Helps Prevent Gallstones: It may come as a surprise that peanuts can help prevent gallstones. But 20 years of studies have shown that eating 1 ounce of nuts, peanuts or peanut butter a week lowers the risk of developing gallstones by 25%.
Helps Fight Depression (Tryptophan): Peanuts are good sources of tryptophan, an essential amino acid which is important for the production of serotonin, one of the key brain chemicals involved in mood regulation. When depression occurs, a decreased amount of serotonin may be released from the nerve cells in the brain. Tryptophan may raise serotonin’s antidepressant effects when there is an increased amount of serotonin in the blood.
Boosts Memory Power (Vitamin B3):This is due to their vitamin B3 or niacin content whose many health benefits include normal brain functioning and boosting memory power.
Helps Lower Cholesterol Levels (Copper): The same nutrient which gives peanuts their memory enhancing power also helps lower and control cholesterol levels. Added to that is their copper contents which aids in reducing bad cholesterol and increase good cholesterol levels.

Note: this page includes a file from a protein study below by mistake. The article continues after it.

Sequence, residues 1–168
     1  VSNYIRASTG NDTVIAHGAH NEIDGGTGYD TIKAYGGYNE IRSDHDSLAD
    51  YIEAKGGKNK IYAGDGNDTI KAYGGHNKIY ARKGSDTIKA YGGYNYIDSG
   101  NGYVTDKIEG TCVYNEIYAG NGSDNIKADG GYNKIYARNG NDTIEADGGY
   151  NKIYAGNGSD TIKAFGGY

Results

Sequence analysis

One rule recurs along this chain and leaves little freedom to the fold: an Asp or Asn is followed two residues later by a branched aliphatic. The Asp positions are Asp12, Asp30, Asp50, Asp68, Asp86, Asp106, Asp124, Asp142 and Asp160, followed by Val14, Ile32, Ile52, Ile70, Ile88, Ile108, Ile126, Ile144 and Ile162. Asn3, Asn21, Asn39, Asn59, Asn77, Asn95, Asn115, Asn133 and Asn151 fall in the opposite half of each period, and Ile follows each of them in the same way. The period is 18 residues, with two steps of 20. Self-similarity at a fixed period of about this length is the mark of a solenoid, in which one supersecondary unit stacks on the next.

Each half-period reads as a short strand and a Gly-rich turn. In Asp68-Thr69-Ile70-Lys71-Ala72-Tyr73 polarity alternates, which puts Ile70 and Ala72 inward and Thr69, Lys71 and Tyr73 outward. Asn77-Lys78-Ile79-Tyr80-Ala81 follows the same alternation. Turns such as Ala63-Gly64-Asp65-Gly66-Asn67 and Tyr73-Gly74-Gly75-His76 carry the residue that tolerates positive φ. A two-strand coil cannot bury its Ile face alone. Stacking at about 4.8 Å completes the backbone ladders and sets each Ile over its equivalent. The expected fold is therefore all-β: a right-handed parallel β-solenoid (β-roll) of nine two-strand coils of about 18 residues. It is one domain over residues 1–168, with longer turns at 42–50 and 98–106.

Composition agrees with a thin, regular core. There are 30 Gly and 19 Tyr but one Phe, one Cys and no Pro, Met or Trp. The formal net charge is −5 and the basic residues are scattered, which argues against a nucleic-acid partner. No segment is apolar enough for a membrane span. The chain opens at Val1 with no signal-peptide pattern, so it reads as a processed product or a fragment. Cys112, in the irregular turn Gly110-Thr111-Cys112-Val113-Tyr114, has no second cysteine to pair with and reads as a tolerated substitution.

Lowers Risk of Heart Disease: Numerous studies have shown that regular nuts consumption is linked to reduced risk of heart disease. Peanuts are rich in heart-friendly monounsaturated fats and antioxidants such as oleic acid. Reach for a handful of peanuts and other nuts at least four times a week to reduce your risk of cardiovascular and coronary heart disease.
Protects Against Age-related Cognitive Decline (Vitamin B2): Study participants have shown that those who have an intake of the most niacin-rich foods like peanuts were 70% less likely to have developed Alzheimer’s disease. A quarter cup a day of peanuts can already supply almost a quarter of the daily needed value for niacin.
Cancer Protection: A form of phytosterol called beta-sitoserol is found in high concentrations in some plant oils, seeds, and legumes including peanuts. Phytosterols not only protects against cardiovascular disease by interfering with the absorption of cholesterol, they also protect against cancer by inhibiting tumor growth.
Lowers Risk of Weight Gain: Eating nuts regularly is associated with a lowered risk of weight gain. Research has shown that people who eat nuts at least twice weekly are much less likely to gain weight than those who almost never eat them.
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Recipe using Peanut see Here, Here and Here and Here.